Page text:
Welcome to 2019 guys. You did it! You made it another year. Even better, you made it to the year where we apparently will all be dressing like this:
Rock on. Thanks Blade Runner.
But in all seriousness, I am really proud of you all for making it here. 2018 had its rough points, and I know how hard it was to make it through some of those days, so mad props to you. If I’m being real, I didn’t make any New Year’s resolutions. Not because 2018 was so over-the-top fantastic (on the contrary, there were definitely some poop-emoji days), but because I don’t like the pressure associated with “resolutions,” and I REALLY don’t like the sweeping guilt that comes with falling off the wagon. However, I’m not opposed to trying to make better choices and changes in my life, key word being trying. I liked this idea a heck of a lot better than making a resolution, because it means improving your wellbeing but still giving yourself the space to make mistakes.
I started thinking back to some of my hardest moments of 2018. I suffered with a TON of anxiety during the final months of the year. Mixed with whirlpools of depression and tidal waves of stress, I realized my darkest days in 2018 stemmed from one very under-discussed reality: burnout.
Essentially, burnout is when your mind and body are working in over-drive for so long that you become physically, mentally and emotionally drained. It’s kind of like constantly running a motor 24/7 without ever turning it off. Eventually, it just stops working. Everyone is different, but for some it can take weeks or even months to recover from burnout. The results of burnout can be devastating (they were for me), and I realized it was something I needed to try my hardest prevent in 2019.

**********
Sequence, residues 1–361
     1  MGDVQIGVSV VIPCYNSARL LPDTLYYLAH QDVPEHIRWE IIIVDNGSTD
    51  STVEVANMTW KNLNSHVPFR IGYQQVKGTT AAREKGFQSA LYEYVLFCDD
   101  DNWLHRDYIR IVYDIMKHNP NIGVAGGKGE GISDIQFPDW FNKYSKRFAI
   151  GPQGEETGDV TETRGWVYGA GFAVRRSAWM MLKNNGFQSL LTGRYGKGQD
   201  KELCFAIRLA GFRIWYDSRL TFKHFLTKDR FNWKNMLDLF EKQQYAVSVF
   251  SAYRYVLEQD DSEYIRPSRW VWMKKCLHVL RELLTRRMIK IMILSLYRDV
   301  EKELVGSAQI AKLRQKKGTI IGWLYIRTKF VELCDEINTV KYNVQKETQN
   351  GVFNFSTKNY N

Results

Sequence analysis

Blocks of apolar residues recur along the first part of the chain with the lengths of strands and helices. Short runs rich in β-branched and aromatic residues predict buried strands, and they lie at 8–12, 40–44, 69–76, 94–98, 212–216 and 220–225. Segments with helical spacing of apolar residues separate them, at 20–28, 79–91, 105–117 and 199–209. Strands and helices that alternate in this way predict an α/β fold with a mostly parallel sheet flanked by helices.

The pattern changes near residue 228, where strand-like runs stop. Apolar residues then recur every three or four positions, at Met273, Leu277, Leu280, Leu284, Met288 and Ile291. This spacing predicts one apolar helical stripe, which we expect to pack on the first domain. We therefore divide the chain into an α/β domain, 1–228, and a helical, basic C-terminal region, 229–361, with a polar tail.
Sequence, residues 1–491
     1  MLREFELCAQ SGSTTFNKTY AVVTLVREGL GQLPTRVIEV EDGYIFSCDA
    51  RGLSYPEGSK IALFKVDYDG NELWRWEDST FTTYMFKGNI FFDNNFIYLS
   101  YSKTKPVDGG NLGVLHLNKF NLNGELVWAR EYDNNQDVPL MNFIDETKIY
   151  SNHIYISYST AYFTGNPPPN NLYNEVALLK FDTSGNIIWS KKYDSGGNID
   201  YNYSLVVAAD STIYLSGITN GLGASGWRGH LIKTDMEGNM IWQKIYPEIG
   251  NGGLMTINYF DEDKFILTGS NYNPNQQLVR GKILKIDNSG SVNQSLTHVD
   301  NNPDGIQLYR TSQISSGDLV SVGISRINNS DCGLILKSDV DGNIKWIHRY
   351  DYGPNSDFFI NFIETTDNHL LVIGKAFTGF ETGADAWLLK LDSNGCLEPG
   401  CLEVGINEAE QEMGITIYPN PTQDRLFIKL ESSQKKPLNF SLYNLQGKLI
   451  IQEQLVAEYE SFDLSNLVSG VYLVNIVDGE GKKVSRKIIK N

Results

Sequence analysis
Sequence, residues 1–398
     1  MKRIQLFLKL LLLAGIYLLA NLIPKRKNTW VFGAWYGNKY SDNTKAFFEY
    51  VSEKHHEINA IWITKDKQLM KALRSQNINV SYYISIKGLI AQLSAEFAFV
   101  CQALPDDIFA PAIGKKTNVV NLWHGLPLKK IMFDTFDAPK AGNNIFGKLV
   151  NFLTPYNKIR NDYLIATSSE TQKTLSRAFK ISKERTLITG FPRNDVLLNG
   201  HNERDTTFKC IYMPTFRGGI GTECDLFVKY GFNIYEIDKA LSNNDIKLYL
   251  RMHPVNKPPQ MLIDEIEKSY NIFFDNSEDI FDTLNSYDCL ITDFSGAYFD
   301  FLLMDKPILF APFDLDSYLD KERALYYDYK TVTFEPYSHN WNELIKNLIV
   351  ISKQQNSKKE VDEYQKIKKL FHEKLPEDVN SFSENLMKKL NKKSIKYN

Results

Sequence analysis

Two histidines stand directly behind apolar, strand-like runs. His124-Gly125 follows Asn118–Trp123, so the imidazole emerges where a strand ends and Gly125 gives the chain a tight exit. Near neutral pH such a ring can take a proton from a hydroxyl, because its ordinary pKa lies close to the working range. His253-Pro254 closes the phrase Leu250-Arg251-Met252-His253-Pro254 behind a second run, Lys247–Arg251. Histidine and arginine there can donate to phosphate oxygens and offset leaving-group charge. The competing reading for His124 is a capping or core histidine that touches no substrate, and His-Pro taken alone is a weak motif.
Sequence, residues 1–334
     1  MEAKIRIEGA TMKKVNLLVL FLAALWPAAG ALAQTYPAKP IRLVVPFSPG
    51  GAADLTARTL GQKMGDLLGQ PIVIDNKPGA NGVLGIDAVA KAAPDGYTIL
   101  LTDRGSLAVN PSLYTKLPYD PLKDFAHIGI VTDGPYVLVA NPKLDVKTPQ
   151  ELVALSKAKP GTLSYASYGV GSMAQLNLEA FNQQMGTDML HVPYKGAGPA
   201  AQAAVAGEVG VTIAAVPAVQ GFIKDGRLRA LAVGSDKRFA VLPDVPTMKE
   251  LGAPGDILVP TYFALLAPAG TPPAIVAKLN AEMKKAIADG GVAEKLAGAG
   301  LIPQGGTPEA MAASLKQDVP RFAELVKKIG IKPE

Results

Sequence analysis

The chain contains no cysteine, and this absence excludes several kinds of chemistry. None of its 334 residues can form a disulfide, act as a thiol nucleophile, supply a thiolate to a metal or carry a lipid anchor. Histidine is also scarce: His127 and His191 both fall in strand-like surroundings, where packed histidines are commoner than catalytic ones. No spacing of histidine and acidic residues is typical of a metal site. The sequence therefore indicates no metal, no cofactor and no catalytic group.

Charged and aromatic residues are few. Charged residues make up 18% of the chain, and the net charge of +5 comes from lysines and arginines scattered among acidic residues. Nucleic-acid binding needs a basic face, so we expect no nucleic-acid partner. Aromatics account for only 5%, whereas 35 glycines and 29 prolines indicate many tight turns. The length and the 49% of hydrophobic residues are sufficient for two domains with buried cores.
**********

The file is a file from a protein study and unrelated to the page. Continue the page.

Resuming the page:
I only noticed I was suffering from burnout after I had begun recovering from it. Sure, I noticed I was more irritable and constantly tired (All. The. Time), and I noticed that I found it harder to focus, my creative drive has taken a nose dive and that I was genuinely a less happy person. However, I just assumed my crazy work load over the past couple of months had morphed me into this new person. I didn’t realize that becoming a shell of who I am was the result of burnout. It took about a week’s worth of oversleeping, relaxing, spending quality time with my loved ones and unplugging to realize that the real me was still in there, she was just trapped under the hyper-drive machine that kept me afloat.
Needless to say, my mental health took a huge toll during my burnout. It was like the gates to my wellbeing were left opened and unarmed, allowing armies of anxiety and depression to sweep in as they pleased (and they did). My mind and body were completely exhausted, but I can finally feel my true self starting to swim through my veins again. Despite how draining my burnout was, I believe some good came of it. It gave me the opportunity to chat about my experience with you, and hopefully it can prevent you from going through the same thing.
Experiences of burnout can be different for everyone, but for me I noticed…
1. I was constantly fatigued, even when I had gotten plenty of sleep
2. I found it harder to focus
3. I found myself never taking “me time”
4. I was snappy and irritable
5. My motivation to work went down the tubes
6. I had trouble sleeping because my workload kept me up/would wake me up in a panic
I’m not going to sit here and make a bunch of unrealistic promises about how I plan to take better care of my mental wellbeing in 2019 (that won’t help anyone). However, here’s a quick list of small, doable tasks I think might help:
1. Take 5-10 minutes out of my day to just breathe
2. Force in some “me time,” even when I feel like I’m too busy
3. Be honest if I’m struggling to meet deadlines (huge one for me)
4. Incorporate some weekly exercise. One trip to the gym is better than none
5. Talk about how I’m feeling (another huge one for me)
6. Set a time limit for myself to work. After that point, it’s time to shut down the laptop and unwind. (Easier said than done, but I’m going to hold myself to it).
I’m definitely not saying this is the end all be all to preventing burnout, it’s just my personal experience. However, I think it’s important to acknowledge that our mind and bodies can only handle so much, that limit is different for everyone and it’s more than okay to protect our wellbeing as much as we can. I also think giving ourselves a little extra love can never hurt.
Thanks for reading, softies. Until next time.
All my love ❤
Twitter is @mariannroberts.